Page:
Scott, Melissa

Tagged: Author

(1960-    ) US writer who began publishing sf with her first novel, The Game Beyond (1984), a Space Opera of some resonance which uses analogies with the Roman Empire – familiar since the early Foundation stories (1951-1953) of Isaac Asimov – with considerable skill (> History in SF). In 1986 she won the John W Campbell Award for Best New Writer, at least in part for Five-Twelfths of Heaven (1986), first volume of the Silence Leigh sequence which continued with Silence in Solitude (1986) and The Empress of Earth (1987), all three assembled as The Roads of Heaven (omni 1988). As with her first novel, these adventures of aspiring space-pilot Silence Leigh capably marshal echoes of Earth – in this case alchemy and astrological symbols – to enrich Space-Opera routines, including several close calls with various enemies, a patch of slavery and an ongoing quarrel with an inimical Galactic Empire. The main weakness lies in Scott's attempts to enfilade Feminist arguments into a traditionally conceived venue without seeming to think their implications through in that context; the main strengths, perhaps, lie in the power of the main characters' longing to find old Earth and in the ironies attendant upon their eventual success. The Astreiant sequence with Lisa A Barnett [see Checklist] is fantasy.

The Kindly Ones (1987), whose title and plot evoke Aeschylus's Oresteia trilogy (458 BCE), specifically its third play, Eumenides, in an interstellar setting, competently depicts a cruelly rigid society in a solar system of some interest. Mighty Good Road (1990) sets a hired scavenger ship on a planet where the dominant Alien species is extraordinarily vicious. The Dreamships sequence, comprising Dreamships (1992), Burning Bright (1993) and Dreaming Metal (1997), sets an AI on a Faster-than-Light ship, very competently examining the nature of a sentience slaved to travel the stars; in the sequels, taxing experiences are undergone on an alien planet dominated by a Massively Multiplayer Online Role Playing Game; the planet Burning Bright is colourfully evoked. Trouble and her Friends (1994), though it breaks no new ground, does very competently traverse Cyberpunk territory, and the eponymous Trouble is an attractive protagonist; The Jazz (2000), though not a sequel, examines through twenty-first century lenses a Cyberpunk world where the theft of an experiment Computer program leads to a well-executed chase across Near Future America. Shadow Man (1995) is set in a world where Taboos and legal coercions govern interrelations amongst the five Sexes existing on the planet Hara (> Gender) just at a point when Faster Than Light concourse will once more be possible across the human galaxy. Scott has been relatively inactive since about 2000, regrettable because of her strong narrative impulse, and because she has brought to the tale of Virtual Reality a saving energy. She has, however, contributed some Ties to the Stargate: Atlantis (2004-2009) Television series of Military SF adventures governed by the eponymous Stargates, beginning with Homecoming (2010) with Jo Graham; and Lost Things (2012) with Jo Graham, which is not a tie, may begin a series of fantasies set in a modestly Steampunk 1920s, where gods and goddesses are discovered beneath Lake Nemi. [JC]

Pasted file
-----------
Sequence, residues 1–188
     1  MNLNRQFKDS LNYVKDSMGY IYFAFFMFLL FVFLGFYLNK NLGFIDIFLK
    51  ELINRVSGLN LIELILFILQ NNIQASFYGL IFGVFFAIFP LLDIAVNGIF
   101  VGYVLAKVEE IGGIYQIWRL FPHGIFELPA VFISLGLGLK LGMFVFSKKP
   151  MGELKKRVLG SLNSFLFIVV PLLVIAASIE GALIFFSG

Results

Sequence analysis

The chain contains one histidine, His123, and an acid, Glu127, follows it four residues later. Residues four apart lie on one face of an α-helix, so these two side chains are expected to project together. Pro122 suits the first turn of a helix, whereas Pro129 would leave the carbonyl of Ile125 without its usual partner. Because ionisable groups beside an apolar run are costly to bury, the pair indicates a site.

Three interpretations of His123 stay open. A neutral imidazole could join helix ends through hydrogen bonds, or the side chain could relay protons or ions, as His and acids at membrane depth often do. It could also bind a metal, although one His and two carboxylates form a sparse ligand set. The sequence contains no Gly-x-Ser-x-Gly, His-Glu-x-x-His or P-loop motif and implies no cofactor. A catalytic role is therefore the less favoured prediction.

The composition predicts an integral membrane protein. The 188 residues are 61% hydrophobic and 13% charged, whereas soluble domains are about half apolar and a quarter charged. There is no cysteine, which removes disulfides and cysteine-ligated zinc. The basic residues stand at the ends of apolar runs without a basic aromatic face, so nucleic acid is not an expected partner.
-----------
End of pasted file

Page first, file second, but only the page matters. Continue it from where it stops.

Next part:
Melissa Scott

born Little Rock, Arkansas: 7 August 1960

died

works

series

Silence Leigh

Astreiant

Dreamships

Star Trek

Star Trek: Deep Space Nine

Star Trek: Voyager

Stargate: Atlantis

  • Homecoming (Decatur, Georgia: Fandemonium Books, 2010) with Jo Graham [tie to the series: Stargate: Atlantis: pb/Lindsay Allen]
  • Allegiance (Decatur, Georgia: Fandemonium Books, 2011) with Amy Griswold [tie to the series: Stargate: Atlantis: pb/]
  • Secrets (Decatur, Georgia: Fandemonium Books, 2012) with Jo Graham [tie to the series: Stargate: Atlantis: pb/]

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